Healthy Cook: No more procrastination with easy food prep and meal ideas

IF WE MUST have a national slogan when it comes to cooking, many of us should choose “Procrastination for the Nation.” I’m too busy. I don’t have time to fix a healthy (insert name of meal or snack). I’ll buy something good for lunch.

Phooey. If we can make time to check Facebook and email, then we can take a minute for our health. Look at fresh fruits and vegetables, the kind from farmers’ markets, for inspiration.

Start with breakfast. The toaster is probably on the counter. Drop in two slices of whole grain bread. Put your shoes by the door. Get out the peanut butter and grab a banana off the counter. Slather the hot toast with peanut butter, slice a banana or apple on top and add the top slice. Take three bites then find your phone or iPad.

More bites and another quick chore. Before you know it, you’re ready to walk out the door after a healthy start. Not quite as quick as, but a lot healthier than a sweet pastry with a little jammy filling.

Healthy lunch at work is as easy as lunch at home, and both are quick and simple, with a bit of preparation. A little extra work in the evening makes for an easy morning.

• Clean a couple of carrots and slice them into rounds or sticks. Store them in water in the fridge.

• Wash a handful of grapes. Get black-colored grapes when you can because they are sweet without that hint of pucker you sometimes get in green varieties.

• Fish a couple of tiny sweet pickles from a jar. Cube whatever cheese you have on hand.

• Protein can be fish, leftover meat, cubed tofu, or beans. You have cheese in the mix already.

If you’re a person whose food can’t touch, then put each of these foods in a separate container. If you don’t care, store them together.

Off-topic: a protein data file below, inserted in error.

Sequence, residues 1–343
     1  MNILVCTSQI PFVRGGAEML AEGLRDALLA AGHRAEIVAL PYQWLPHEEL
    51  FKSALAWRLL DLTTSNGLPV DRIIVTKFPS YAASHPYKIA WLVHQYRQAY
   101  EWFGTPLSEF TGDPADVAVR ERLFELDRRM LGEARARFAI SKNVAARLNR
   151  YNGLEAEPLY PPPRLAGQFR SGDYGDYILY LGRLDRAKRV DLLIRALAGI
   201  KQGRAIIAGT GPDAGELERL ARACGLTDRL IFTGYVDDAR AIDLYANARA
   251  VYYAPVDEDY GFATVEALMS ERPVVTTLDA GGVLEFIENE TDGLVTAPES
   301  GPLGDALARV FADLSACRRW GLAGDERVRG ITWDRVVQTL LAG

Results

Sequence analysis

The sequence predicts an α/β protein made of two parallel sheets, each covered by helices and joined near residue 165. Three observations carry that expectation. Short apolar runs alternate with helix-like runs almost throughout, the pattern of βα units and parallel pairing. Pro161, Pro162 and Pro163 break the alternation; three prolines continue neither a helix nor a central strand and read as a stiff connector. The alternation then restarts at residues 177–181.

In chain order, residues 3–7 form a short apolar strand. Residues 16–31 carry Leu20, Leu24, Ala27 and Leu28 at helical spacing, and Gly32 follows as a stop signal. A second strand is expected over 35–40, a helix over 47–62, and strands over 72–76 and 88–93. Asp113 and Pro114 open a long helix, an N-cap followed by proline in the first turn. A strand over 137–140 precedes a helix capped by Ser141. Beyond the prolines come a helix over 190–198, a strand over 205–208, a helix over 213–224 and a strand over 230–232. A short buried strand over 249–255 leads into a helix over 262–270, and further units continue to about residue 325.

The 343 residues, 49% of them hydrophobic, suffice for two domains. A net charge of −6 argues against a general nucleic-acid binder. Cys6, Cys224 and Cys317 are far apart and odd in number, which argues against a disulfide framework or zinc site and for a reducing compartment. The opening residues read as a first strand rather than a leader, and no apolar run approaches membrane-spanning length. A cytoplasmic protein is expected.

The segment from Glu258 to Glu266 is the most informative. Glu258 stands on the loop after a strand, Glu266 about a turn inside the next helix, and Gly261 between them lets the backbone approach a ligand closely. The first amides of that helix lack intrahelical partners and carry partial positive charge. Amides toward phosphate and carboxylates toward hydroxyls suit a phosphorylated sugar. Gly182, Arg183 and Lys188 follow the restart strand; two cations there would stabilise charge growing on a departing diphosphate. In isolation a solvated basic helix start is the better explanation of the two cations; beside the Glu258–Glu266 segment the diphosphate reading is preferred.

During your morning routine (between the onerous jobs of toasting, spreading, searching, slicing, and eating) throw a handful of mixed greens in a bag or container and add the garnishes you made last night. If you must have dressing, carry it in a jar. Low-fat, please. Lunch is served, at home or at the office.

When it comes to dinner, you don’t get much healthier than a stir fry. It’s take-what-you-got-and-cook-it-in-a-pot. Or wok. Or frying pan. A little bit of this and a slice or two of that are all you need for each person. Try to make it a treat for the eyes as well as the tummy.

After your trip to a farmers’ market and your larder, you might have a zucchini, a yellow squash, a few mushrooms, a small red pepper, a small green pepper, a couple of stalks of celery, a few stalks of asparagus (cut up), a few slices of carrot (left from your lunch salad preparation), half a can of sliced water chestnuts, half an onion, a handful of beans sprouts if you have them — not canned — a bit of garlic, and maybe some green onion tops.

Just about any protein works in a stir fry. One chicken breast can serve four people when it’s cut into small morsels. Tofu actually tastes good this way because soy sauce and hoisin add flavor. Cooking quickly with just a touch of oil, a splash of soy sauce, and a spoon of hoisin make it a healthy meal.

Heat the pan. Add the oil and when it’s hot put in the onions, celery, carrot, and peppers. They take the longest time to cook. After about a minute, toss in the softer vegetables. Push the vegetables to one side and add the protein. Toss it around for a minute then add the soy sauce and hoisin.

Cover for a minute or two. If the mixture is too dry, you can add water, stock, or wine.

A small jar of hoisin sauce, sweet barbecue sauce, is nice to have around because it can dress up many things. Plain carrots aren’t plain any more with a dollop of hoisin. Sautéed celery is special with a little hoisin. You add a lot of flavor to pork chops or chicken by braising them in fat-free stock and a little hoisin.

Healthy isn’t difficult when you make your plate a rainbow. It takes a little preparation, a little imagination, and alternatives to gobs of oil. Dress a healthy salad with a drizzle of good olive oil and tasty vinegar. Fry foods in stock, not fat. Enjoy.


article by TRENT ROWE, CFHN Food Editor

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